Friday, 4 November 2011

Guy Fawkes Night

'Remember, remember, the 5th of November' - that's the rhyme I grew up with here in the UK, as we celebrated bonfire night each year. It's also known as Guy Fawkes Night, after the intrepid man, who along with several co-conspirators, tried to blow up James 1 and the Houses of Parliament in 1605. Fawkes was actually caught in the act in the cellar beneath the building, hence his everlasting fame.

Needless to say, the plot failed and all of them were executed. To mark the infamous event, we still celebrate Guy Fawkes night all over Scotland with huge bonfires and fireworks. Many of them are now official displays organised by local councils as that's generally a safer option. But we had great fun as children, when our father set off the fireworks in the back garden. In later years, neigbours and friends often got together to make it a bigger event for all the children. Any large piece of waste ground made a good base for the bonfire.

One of the traditions weeks before the event was when some of the children made a makeshift 'guy' and wheeled it around on a barrow asking for a "penny for the guy". Adults knew this money would go towards the fireworks bought for the big night. The 'guy' itself was then put on top of the bonfire. Food played an important part in the evening's enjoyment. Since November is usually cold, everyone wrapped up in warm hats, scarves and gloves and looked forward to hot food like potatoes, sausages and soup while watching the fireworks. Now, I'll have to find out where the nearest bonfire event is taking place tomorrow evening!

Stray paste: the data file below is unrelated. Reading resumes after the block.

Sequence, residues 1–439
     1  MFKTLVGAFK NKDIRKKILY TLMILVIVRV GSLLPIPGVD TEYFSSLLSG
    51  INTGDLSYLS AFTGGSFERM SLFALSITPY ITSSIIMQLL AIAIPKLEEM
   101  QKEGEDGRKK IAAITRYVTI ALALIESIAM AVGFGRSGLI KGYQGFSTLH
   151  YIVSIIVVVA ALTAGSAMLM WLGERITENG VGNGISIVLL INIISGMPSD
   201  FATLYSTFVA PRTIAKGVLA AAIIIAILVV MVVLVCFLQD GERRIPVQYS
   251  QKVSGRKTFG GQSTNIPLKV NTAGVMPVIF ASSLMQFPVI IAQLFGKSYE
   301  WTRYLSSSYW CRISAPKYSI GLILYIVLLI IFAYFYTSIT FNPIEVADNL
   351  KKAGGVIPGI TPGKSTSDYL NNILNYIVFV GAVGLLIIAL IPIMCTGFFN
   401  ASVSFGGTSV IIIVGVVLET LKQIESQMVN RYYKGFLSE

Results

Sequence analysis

Teresa Ashby said...

I remember my poor dad setting off fireworks in the back garden and every time he lit one, I ran off and hid! I used to love sparklers though - as long as someone else was holding them!

Hope you have a good evening tomorrow :-)

Rosemary Gemmell said...

Hi Teresa - I was always fascinated by the Catherine Wheels and thought they were going to spin off and hit me!

Anne Gallagher said...

Funny, in my latest book, I wrote a line using Guy Fawke's Day as a reference, and being American, all of my readers didn't get it. They told me to change it. And I told them I couldn't, as the book's setting was in the UK, and November 5 was the only major holiday there was that I could use for the line in the scene.

Thanks for the explaination.

Rosemary Gemmell said...

Hi Anne - good for you sticking to the line in your book! It really is celebrated here - on the actual bonfire evening at least.